Tennessee Titans: a Wild Card story

Tennessee Titans: a Wild Card story
Reading Time: 4 minutes.

The Tennessee Titans clinched a playoff spot in a 35-14 win against the Houston Texans on Sunday night. They now face off against New England in the AFC Wild Card game this Saturday after reaching their fourth straight year of a 9-7 record. 

The Titans reaching the Wild Card game feels fitting. A wild card is to be unpredictable; you never know what you’re going to get. Tennessee has oscillated between rank 20 all the way to rank 11 in Dan Hanzus’ 2019 power rankings. They’re an enigma in the NFL that evade early season rankings, making them one of the harder teams to prepare for. 

Up and down season

At the start of the season, Tennessee Titans fans and NFL apparatchiks had little hope that the team could make an impact. There were glimmers of promise in the Week 1 43-13 defeat of a much hyped Cleveland team. Yet it was downhill from there. 

Tennessee began with two divisional losses to the Colts and Jaguars in Week 2 and 3. These teams were not difficult opponents, especially since both match ups were against inexperienced quarterbacks. These games highlighted the team’s weaknesses in defense, as well as the bigger issue in the quarterback position. 

Week 6 became a poignant moment. This season’s early narrative was whether quarterback Marcus Mariota was Tennessee’s long term franchise quarterback. The future of MM8 was decided in Week 6 after he was benched following a shut out to the Denver Broncos. His 2-4 record was unacceptable to Head Coach Mike Vrabel knowing they had a viable second stringer. Mariota’s flaw lay within his inconsistency. On any given week, he could throw a 50 yard touchdown in tight coverage but muff a handoff to a running back. His Quarterback Rating sat 31.6 for the games he played, putting him below 1-12 quarterback Andy Dalton. 

Coach Vrabel making the decision to bench him was the best thing that could have happened to the team. 

Enter Tannehill and Brown

Moving quarterback Ryan Tannehill to a starting position was a real turning point for the team,  leading the Titans to a 7-4 record. Tannehill has been his own PR agent, transitioning from a Dolphins reject to an explosive quarterback with the ability to make passes in tight . He’s effective, too. Tannehill is the first quarterback since legend Joe Montana to complete 70% of his passes averaging over 10 yards per attempt. 

Tannehill isn’t the only part of the offense stepping up. Rookie receiver AJ Brown found his stride, with 1111 all purpose yards, 20 yards per reception and 9 touchdowns. His performance on the field set him up for Offensive Rookie of the Year contention, and as a WR1 in the future. His explosivity on the field makes him impossible to prepare for, as he’s able to find a way to catch in the tightest of coverage.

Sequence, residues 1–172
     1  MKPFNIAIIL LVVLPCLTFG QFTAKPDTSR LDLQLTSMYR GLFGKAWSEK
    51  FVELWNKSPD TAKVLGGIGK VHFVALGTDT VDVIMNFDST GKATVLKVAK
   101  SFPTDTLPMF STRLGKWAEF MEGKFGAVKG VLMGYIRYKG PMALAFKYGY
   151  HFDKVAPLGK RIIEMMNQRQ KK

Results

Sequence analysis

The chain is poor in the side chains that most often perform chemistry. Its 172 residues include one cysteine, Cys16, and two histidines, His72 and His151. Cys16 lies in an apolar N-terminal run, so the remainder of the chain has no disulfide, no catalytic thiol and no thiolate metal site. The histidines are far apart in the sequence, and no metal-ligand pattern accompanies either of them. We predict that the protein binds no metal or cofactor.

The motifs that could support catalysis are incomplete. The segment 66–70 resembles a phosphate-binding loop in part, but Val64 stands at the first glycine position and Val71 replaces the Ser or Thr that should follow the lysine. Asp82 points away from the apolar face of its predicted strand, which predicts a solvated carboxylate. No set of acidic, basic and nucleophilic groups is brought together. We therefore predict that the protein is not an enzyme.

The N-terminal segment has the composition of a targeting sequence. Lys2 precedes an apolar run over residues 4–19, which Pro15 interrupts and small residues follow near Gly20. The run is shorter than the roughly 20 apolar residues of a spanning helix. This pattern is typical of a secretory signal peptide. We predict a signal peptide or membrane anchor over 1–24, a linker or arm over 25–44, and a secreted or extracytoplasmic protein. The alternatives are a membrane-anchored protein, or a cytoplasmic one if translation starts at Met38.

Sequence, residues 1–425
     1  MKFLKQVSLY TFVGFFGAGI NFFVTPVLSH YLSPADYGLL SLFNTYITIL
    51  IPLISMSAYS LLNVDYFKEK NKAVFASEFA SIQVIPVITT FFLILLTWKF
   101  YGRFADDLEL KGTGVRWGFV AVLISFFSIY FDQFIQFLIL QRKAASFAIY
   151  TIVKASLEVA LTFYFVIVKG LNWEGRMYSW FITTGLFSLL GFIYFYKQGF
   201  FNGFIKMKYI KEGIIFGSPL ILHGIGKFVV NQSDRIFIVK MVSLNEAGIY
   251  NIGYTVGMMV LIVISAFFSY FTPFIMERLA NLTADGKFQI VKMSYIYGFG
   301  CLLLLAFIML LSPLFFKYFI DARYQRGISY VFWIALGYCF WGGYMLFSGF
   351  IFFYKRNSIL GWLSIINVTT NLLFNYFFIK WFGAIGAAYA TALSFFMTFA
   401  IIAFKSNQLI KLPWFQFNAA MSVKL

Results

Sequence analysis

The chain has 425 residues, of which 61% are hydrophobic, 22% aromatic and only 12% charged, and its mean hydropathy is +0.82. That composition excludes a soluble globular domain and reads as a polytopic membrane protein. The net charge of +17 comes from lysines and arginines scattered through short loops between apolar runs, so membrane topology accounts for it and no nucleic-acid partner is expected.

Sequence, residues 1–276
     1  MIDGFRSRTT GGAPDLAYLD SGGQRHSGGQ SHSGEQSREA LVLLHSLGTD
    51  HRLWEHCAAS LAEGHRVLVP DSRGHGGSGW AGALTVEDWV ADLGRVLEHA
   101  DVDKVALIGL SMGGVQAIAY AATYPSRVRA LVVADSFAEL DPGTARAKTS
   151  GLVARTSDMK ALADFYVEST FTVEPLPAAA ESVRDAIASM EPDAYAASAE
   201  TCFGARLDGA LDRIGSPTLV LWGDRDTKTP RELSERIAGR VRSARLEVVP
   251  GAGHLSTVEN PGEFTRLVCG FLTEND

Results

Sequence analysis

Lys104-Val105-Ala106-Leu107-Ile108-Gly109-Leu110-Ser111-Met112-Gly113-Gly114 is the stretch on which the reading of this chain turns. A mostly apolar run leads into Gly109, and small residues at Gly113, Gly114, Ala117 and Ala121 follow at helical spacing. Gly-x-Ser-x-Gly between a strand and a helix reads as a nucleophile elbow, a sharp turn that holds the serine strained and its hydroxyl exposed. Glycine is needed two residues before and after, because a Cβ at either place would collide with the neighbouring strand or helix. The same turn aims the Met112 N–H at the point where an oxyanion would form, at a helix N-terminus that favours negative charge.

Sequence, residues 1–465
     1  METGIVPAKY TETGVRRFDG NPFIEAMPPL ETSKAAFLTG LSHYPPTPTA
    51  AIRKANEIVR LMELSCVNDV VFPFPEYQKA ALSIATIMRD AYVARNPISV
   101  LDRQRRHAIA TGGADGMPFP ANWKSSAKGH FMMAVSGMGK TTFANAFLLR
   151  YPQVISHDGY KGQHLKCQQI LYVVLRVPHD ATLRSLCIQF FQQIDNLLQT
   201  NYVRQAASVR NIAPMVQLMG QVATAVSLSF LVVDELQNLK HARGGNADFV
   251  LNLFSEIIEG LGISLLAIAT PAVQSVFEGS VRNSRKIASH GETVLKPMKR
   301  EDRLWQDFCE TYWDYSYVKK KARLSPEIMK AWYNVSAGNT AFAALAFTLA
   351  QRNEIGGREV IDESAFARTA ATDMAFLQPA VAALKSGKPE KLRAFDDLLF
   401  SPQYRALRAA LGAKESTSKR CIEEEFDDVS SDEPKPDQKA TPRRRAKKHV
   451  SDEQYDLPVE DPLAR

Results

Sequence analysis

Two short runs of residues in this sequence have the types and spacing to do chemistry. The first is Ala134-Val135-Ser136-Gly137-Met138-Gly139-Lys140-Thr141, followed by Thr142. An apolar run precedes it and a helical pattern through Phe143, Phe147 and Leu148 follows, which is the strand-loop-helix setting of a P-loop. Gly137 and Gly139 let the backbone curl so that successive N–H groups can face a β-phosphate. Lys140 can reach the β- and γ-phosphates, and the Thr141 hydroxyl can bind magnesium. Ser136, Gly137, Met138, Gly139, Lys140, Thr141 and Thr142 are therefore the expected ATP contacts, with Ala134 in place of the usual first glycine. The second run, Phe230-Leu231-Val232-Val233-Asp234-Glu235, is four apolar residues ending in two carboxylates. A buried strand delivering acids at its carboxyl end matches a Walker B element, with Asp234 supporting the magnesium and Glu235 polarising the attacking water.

Other outstanding players include receiver Tajae Sharpe and tight end Jonnu Smith. Sharpe was named the Tennessee Titans biggest offseason surprise this year, and it’s easy to see why. He has been with Tennessee since 2016 and has increased his catch percentage from 49% to over 70% this season. He had 8 touchdowns and played a pivotal role in Tennessee’s late season success. 

Third year Jonnu Smith became a starter after stalwart TE Delanie Walker was placed on injured reserve in week 7 after suffering an ankle injury. His 6 foot 3, 248lb frame always found space to catch Tannehill’s dimes with over 70% catch rate and averaging 12.9 yards per reception. Given Walker is now 35 years old, Smith’s career high year performance shows a rosy future for Tennessee at the position. 

Continuing defensive consistency

The Tennessee Titans defense hasn’t been up to previous season form with cornerback and pass rush issues. According to Football Outsiders, Tennessee’s pash rush ranks 16th behind non playoff teams Cleveland, Jacksonville and Washington. 

However, the pass rush isn’t indicative of the wider defense. Rookie tackle Jeffrey Simmons became a sensation in the 9 games he played with his two sacks and combined 32 tackles. Safety Kevin Byard continues to dominate on interceptions, ending the regular season with 5 and totalling 17 since the 2017 season – the most in the league. Cornerback Logan Ryan demonstrated efficiency and his agility with 115 tackles, 4.5 sacks and 8 QB hits on the year. These young, agile defensive players have made it challenging for coaches to scheme effective offenses. 

Perpetual wild cards? 

While pulling these notable players out to highlight their achievements, it obscures a wider story of the 2019 Tennessee team. The Titans coaching staff and players are a team working harmoniously together in a way they hadn’t before. 

No example demonstrates this more than tackle Taylor Lewan pacing the sidelines in the fourth quarter, demanding the team to do everything the can to allow running back Derrick Henry to gain the yardage he needed to become the number one rusher for the regular season. Coach Vrabel was even on board, giving Henry a workload you wouldn’t want to put on your leading offensive player before a playoff game. Everyone worked together to get Henry the yardage, and the record, because it was important to him to have it. The synergy and support offered by the whole team makes what they have right now extra special. 

The Titans are a 9-7 team right now, but they’re playing above their record. They are especially different the 9-7 team in 2017 that lost the divisional game to New England. This time, they go into the wild card game against a weaker-than-normal New England team as a real contender. 

Gone are the days of the defensive slogs, shut-outs and being the butt of everyone’s jokes. Tennessee finally have all the elements to be competitive: a future proof roster, dynamic coaching and a real team. None of us expected that. 

Feature image: Donald Page

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